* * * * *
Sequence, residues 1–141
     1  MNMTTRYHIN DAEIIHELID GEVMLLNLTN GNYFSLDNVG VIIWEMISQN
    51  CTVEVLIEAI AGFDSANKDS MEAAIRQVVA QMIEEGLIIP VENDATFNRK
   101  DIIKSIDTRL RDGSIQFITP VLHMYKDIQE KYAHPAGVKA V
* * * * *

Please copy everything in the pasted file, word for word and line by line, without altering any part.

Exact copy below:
Sequence, residues 1–141
     1  MNMTTRYHIN DAEIIHELID GEVMLLNLTN GNYFSLDNVG VIIWEMISQN
    51  CTVEVLIEAI AGFDSANKDS MEAAIRQVVA QMIEEGLIIP VENDATFNRK
   101  DIIKSIDTRL RDGSIQFITP VLHMYKDIQE KYAHPAGVKA V